Are people biased in their use of search engines?

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Title: Are people biased in their use of search engines?
Authors: Keane, Mark T.
O'Brien, Maeve
Smyth, Barry
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Date: Feb-2008
Abstract: Search-engines are among the most used resources on the Internet. Google, for example, now hosts over eight billion items and returns answers to queries in a fraction of a second, thus realising some of the more far-fetched predictions envisioned by the pioneers of the World Web Web. In the present study, we assess whether people are biased in their use of a search-engine; specifically, whether they are biased in clicking on those items that are presented as being the most relevant in the search engine’s result list (i.e., those items listed at the top of the result list). To test this bias hypothesis, we simulated the Google environment systematically reversing Google’s normal relevance-ordering of the items presented to users. Our results show that people do manifest some bias, favoring items at the top of result lists, though they also sometimes seek out high-relevance items listed further down a list. Later, we discuss whether this bias arises from people’s implicit trust in a search engine, like Google, or some other effect.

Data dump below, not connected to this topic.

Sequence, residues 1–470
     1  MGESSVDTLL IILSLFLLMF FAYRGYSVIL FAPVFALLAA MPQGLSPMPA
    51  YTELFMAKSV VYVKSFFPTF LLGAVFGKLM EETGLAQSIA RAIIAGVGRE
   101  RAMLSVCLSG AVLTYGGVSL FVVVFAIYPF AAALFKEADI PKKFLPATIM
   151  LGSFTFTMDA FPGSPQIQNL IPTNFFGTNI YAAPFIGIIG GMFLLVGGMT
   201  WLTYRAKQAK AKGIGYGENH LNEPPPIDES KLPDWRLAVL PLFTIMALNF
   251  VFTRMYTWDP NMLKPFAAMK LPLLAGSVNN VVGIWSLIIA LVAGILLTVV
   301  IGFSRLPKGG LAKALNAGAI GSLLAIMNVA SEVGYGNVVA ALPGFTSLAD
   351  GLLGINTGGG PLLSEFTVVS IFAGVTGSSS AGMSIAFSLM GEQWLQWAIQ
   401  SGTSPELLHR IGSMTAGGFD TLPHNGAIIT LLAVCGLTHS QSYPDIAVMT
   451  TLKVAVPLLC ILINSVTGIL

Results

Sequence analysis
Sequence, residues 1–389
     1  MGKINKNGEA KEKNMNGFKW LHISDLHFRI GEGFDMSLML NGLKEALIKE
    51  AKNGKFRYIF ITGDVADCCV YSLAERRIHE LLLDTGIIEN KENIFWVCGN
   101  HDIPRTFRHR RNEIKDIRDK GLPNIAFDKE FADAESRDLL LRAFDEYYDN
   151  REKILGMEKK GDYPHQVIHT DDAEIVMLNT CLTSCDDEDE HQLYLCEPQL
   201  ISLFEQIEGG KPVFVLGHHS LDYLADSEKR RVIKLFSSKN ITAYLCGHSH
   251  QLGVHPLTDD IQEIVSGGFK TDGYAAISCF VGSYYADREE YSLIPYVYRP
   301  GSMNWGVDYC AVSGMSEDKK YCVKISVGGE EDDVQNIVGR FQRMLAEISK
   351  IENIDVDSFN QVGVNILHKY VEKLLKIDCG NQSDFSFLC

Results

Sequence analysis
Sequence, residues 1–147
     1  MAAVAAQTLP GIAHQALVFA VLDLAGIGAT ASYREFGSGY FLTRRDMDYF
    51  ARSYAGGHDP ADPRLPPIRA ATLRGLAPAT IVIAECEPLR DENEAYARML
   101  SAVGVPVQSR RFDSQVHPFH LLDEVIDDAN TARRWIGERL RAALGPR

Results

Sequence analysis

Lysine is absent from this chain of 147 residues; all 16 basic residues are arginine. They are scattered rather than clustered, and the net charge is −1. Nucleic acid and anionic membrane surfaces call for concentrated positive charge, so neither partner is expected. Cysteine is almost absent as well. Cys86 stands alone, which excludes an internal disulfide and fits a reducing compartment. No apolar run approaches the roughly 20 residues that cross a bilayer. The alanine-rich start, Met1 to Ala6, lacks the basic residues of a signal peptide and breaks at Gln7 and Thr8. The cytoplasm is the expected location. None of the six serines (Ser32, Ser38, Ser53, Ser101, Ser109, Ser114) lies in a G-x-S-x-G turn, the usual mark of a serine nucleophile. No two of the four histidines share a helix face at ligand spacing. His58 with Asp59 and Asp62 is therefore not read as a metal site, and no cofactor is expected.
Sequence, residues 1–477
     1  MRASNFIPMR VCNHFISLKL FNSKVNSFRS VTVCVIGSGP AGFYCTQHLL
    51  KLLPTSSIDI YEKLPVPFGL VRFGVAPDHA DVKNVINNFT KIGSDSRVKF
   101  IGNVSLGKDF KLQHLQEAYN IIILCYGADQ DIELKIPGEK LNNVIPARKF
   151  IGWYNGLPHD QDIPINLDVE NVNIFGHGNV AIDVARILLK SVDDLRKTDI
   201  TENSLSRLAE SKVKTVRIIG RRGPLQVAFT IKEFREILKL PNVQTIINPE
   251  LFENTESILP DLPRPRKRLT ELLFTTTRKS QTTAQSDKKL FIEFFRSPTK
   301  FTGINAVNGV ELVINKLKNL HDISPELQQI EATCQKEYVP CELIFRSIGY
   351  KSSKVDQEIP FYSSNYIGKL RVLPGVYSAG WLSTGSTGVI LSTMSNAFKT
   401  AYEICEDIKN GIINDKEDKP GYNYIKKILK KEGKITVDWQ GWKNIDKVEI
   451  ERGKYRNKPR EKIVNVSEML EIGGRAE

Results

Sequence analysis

Funding Details: Science Foundation Ireland
Type of material: Journal Article
Publisher: ACM
Copyright (published version): 2008 ACM
Subject LCSH: Searching behavior
Information behavior
Internet searching
Web search engines
DOI: 10.1145/1314215.1314224
Language: en
Status of Item: Peer reviewed
Appears in Collections:CLARITY Research Collection
Computer Science Research Collection

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